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HOME : Classical Antiquities : Classical Masterpieces : Attic Black-Figure Lekythos
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Attic Black-Figure Lekythos - X.0072
Origin: Mediterranean
Circa: 5 th Century BC
Dimensions: 7.25" (18.4cm) high
Collection: Classical
Medium: Terracotta

Location: UAE
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Lekythoi had both a functional and a ritual context for the ancient Greeks. Within daily life, they were used as flasks to hold precious ointments such as fragrant perfumes and sumptuous oils. They also used in funerary rites, specifically the white-ground varieties. These lekythoi, often decorated with scenes of mourning, would have been left on the grave as offerings or used to pour libations over the deceased. This lekythos, however, clearly was meant for the living and not for the dead.

A woman wearing a helmet with an impressive crest, her skin highlighted with white paint, standing directly behind a black horse decorates the center of the upper half of the cylindrical body. Flanking her, a pair of nude wreathed youths stand with their clamys hanging over their outstretched left arms and their right arms bent behind their backs. Four leafy branches fill out the background between the figures. A rightward meander pattern decorates the top of the body, just below the shoulder, set off from the main scene by a pair of black lines. The shoulders are decorated with a row of rays, and the base of the neck has a tongue pattern.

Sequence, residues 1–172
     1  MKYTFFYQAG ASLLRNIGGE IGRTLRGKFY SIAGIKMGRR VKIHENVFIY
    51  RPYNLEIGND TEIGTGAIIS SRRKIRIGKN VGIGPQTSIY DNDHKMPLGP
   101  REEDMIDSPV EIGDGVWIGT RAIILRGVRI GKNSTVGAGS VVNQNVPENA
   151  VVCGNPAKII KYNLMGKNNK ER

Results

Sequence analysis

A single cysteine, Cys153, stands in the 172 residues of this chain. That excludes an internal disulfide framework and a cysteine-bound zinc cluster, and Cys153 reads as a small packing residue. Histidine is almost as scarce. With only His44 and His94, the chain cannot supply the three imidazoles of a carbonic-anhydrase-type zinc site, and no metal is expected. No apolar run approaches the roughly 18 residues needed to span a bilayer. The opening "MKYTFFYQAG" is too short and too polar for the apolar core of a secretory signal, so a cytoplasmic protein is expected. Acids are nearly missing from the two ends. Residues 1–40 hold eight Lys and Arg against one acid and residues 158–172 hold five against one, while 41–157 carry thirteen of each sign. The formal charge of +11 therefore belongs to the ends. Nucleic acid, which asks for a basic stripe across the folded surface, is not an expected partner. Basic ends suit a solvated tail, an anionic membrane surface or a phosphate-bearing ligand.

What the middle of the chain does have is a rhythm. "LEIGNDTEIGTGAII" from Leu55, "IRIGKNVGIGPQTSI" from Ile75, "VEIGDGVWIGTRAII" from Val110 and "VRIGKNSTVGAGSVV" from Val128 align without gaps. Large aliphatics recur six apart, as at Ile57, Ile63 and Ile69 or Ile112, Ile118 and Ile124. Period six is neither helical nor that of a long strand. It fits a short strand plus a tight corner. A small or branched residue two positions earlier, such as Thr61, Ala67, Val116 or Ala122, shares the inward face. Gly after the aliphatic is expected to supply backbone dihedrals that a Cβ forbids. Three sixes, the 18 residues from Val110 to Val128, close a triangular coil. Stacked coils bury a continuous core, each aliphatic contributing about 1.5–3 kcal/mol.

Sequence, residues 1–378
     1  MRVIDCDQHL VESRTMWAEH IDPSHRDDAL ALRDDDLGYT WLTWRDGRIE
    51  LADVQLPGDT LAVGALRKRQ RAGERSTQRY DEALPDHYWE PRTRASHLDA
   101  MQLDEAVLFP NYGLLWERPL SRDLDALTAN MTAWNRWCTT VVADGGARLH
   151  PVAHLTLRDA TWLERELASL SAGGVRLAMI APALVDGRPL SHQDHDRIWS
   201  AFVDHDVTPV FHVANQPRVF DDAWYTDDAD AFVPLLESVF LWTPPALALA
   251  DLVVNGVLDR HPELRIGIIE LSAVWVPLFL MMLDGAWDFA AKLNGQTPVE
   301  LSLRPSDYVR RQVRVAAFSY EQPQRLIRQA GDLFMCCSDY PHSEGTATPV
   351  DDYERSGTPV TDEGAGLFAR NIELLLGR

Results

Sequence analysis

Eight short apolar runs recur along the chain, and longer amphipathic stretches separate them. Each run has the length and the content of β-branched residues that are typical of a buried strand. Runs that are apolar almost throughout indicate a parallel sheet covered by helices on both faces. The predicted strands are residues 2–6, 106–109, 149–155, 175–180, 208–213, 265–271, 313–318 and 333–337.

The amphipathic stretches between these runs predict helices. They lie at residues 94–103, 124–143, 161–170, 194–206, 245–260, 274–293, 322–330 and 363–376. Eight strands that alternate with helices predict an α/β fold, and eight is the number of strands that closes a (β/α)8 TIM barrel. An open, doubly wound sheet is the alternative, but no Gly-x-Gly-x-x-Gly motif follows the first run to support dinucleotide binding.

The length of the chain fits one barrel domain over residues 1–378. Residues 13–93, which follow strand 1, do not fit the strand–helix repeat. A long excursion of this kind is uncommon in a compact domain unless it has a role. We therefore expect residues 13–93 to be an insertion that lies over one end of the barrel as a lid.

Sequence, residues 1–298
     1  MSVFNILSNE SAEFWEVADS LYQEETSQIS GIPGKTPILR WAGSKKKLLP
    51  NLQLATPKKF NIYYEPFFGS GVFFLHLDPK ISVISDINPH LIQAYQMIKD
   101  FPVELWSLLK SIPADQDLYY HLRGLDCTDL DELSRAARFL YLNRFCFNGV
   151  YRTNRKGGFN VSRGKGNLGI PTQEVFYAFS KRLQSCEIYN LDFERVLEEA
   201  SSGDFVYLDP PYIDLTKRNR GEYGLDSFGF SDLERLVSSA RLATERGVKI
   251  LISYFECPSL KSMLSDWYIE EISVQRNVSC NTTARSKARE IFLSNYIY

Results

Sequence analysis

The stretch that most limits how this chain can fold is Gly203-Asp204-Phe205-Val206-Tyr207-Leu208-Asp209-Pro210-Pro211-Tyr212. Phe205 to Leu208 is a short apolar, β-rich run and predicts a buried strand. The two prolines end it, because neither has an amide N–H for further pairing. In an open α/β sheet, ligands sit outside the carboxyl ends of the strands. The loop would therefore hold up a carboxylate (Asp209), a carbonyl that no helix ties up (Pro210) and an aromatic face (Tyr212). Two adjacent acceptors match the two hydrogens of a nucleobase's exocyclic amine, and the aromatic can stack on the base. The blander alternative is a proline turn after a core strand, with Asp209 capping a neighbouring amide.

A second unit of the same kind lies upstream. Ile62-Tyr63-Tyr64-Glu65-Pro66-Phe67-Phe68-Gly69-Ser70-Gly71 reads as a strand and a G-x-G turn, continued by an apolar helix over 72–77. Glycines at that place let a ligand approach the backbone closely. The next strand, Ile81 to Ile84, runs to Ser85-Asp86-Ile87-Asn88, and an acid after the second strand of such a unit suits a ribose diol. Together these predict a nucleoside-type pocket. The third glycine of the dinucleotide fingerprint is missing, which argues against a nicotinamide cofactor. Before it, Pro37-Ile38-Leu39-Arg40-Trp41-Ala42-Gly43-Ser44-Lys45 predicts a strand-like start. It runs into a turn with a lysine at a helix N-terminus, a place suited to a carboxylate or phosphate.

This particular lekythos is attributed to the Class of Athens 581. This Class of vases includes a large number of lekythoi are distinguished by a body that tapers steadily to the foot, the use of palmettes, buds, or rays (as is the case here) on the shoulders, and backgrounds with leafy branches. Lekythoi of this Class have been found in a tumulus for the Plataeans who died at the Battle of Marathon in 490 B.C., making this Class one of the few dateable black-figure vase styles. - (X.0072)


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